IOM Gears Up for Cyclone Nargis Response


IOM Regional Representative for Southeast Asia Irena
Vojackova-Sollorano flew into Yangon this morning to assess IOM's
possible role in responding to Cyclone Nargis, which has caused
widespread fatalities and destruction across five of Myanmar's 17

While it remains impossible to estimate the full extent of the
damage or the number of fatalities before assessment teams reach
the worst hit areas, eye witness reports from IOM staff in Yangon
and NGO counterparts in Ayeyarwady, the division which bore the
brunt of the storm, provide a bleak picture.

"More or less all landlines are down and it's extremely
difficult to get information from cyclone-affected areas. But from
the reports we are getting, entire villages have been flattened and
the final death toll may be huge," says IOM's acting Chief of
Mission in Yangon Mac Pieczowski.

Pieczowski today dispatched emergency staff
from Yangon to Mon State, the focus of IOM's operations in Myanmar,
where some 200 staff work on grass roots medical projects to combat
malaria, TB and HIV and AIDS among migrant workers and host

Communications with Mon, the coastal state east of Yangon, were
cut by the storm and IOM has had no news of the staff or their
families. Flooding in the north of the state has been reported.

"The emergency team will re-establish communications with our
staff, organize local staff and conduct an assessment of conditions
on the ground in coordination with the Myanmar Red Cross Society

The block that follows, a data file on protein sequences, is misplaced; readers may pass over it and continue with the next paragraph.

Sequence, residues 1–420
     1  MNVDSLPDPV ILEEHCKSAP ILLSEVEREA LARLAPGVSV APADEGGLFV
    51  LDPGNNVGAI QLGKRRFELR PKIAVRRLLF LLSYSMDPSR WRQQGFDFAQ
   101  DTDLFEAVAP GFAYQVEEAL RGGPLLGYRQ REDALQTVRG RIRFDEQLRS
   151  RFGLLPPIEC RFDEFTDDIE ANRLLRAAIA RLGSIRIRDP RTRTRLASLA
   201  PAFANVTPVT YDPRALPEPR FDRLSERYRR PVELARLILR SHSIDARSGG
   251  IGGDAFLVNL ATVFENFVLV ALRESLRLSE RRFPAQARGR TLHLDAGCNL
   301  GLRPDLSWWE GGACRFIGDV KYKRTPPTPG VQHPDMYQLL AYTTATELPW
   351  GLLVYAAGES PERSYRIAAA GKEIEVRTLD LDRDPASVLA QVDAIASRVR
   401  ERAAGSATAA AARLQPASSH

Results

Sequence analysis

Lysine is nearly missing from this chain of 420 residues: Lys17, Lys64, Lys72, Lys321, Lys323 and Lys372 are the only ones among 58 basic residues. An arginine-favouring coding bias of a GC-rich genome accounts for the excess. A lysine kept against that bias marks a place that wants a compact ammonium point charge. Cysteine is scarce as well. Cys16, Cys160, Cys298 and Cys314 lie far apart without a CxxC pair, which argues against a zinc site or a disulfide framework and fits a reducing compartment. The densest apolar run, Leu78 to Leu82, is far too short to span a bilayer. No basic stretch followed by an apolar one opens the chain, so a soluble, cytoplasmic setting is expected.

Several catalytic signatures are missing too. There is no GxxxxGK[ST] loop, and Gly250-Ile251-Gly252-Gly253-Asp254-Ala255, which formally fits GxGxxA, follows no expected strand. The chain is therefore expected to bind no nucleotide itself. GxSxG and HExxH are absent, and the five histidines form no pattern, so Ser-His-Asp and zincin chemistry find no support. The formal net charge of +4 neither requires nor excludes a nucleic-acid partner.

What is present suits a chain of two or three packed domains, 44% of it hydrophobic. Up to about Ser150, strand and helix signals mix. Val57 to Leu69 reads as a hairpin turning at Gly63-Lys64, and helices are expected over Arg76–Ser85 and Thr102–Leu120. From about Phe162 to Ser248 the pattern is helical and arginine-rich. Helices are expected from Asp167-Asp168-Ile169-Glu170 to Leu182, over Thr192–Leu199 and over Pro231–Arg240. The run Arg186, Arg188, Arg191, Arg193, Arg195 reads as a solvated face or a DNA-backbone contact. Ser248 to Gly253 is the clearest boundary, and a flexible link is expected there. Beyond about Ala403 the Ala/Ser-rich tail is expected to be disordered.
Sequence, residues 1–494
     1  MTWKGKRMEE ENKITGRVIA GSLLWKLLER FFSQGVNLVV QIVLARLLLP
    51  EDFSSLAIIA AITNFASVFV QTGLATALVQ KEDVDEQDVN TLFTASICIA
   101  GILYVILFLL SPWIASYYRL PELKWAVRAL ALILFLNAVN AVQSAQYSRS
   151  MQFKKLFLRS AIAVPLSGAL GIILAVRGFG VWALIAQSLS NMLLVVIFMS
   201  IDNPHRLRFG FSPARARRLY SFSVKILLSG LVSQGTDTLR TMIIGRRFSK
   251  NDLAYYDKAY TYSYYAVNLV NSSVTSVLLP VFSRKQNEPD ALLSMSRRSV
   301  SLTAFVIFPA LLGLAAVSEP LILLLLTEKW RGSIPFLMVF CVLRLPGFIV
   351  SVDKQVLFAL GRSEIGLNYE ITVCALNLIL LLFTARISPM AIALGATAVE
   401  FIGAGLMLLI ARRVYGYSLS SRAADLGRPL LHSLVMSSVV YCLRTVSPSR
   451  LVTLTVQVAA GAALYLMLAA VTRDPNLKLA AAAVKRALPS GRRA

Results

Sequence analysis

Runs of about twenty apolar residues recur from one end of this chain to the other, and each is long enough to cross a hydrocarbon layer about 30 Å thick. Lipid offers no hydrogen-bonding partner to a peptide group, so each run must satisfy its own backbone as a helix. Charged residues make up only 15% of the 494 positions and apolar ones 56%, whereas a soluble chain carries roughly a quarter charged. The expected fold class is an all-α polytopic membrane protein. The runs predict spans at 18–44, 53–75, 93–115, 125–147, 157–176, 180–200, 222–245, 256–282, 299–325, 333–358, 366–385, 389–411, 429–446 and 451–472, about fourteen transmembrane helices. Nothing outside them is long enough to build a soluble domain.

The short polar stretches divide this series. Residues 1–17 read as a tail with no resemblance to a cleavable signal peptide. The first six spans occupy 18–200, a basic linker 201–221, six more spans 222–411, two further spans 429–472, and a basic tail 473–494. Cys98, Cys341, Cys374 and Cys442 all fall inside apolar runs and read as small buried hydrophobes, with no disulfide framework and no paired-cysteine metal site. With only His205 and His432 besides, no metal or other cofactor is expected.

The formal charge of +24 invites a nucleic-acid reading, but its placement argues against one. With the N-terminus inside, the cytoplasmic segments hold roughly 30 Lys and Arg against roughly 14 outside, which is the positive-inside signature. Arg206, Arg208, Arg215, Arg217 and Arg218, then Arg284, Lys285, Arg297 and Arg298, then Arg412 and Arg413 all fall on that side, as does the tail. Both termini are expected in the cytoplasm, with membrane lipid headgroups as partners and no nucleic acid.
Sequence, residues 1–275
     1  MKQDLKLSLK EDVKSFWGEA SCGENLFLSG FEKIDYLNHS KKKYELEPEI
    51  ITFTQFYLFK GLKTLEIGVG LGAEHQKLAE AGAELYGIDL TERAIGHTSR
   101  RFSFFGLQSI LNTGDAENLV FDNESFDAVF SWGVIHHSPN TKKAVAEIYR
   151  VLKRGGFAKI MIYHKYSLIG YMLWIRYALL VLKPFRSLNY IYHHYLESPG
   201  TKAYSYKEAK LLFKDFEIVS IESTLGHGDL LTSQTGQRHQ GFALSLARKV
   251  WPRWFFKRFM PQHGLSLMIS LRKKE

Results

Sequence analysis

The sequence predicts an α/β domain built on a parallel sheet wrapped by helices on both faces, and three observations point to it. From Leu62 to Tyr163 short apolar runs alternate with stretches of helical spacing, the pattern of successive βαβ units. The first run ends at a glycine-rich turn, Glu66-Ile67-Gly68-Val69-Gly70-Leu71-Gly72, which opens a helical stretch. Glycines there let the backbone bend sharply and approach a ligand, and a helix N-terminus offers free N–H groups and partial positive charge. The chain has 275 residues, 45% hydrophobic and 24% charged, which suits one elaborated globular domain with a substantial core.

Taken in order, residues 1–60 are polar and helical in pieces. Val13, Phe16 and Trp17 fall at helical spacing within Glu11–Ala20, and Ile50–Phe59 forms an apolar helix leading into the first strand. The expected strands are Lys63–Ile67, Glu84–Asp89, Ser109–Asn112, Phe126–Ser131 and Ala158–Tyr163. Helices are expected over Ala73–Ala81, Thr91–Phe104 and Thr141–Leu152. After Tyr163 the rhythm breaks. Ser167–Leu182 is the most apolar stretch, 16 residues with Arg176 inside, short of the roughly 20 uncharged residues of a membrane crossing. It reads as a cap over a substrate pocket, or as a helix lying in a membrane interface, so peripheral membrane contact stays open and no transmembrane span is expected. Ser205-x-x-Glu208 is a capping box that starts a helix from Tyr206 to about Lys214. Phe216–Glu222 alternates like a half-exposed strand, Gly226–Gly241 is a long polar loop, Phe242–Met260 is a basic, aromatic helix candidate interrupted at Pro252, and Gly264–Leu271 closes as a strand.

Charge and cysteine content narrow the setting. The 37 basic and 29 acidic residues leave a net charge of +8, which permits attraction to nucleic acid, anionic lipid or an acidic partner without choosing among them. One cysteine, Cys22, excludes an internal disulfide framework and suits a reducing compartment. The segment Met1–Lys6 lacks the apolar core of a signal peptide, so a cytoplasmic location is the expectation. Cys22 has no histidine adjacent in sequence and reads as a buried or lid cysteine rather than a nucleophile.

and the Mon State health authorities," says Pieczowski.

"At this point it's essential that agencies work together
quickly to assess the extent of the damage and the greatest areas
of need and share that information with everyone involved," says

"In this type of natural disaster, the aim is to get relief to
the people who need it most in the shortest possible time. To
achieve that we need to work with all our partners and deploy our
staff to where they are most needed," she adds.

IOM launched its Mon State migrant health programme in November
2004, following the signing of a Memorandum of Understanding with
the Ministry of Health. It also has a small staff in Yangon,
working primarily on combating human trafficking and promoting
safer migration through advocacy and public information.

IOM's track record in responding to major natural disasters in
recent years has included playing a leading role in Aceh following
the December 2004 tsunami and in Pakistan following the October
2005 earthquake.

For more information please contact:

Chris Lom

IOM's Regional Office in Bangkok


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© IOM 2008 (Photo: Andrew Billo)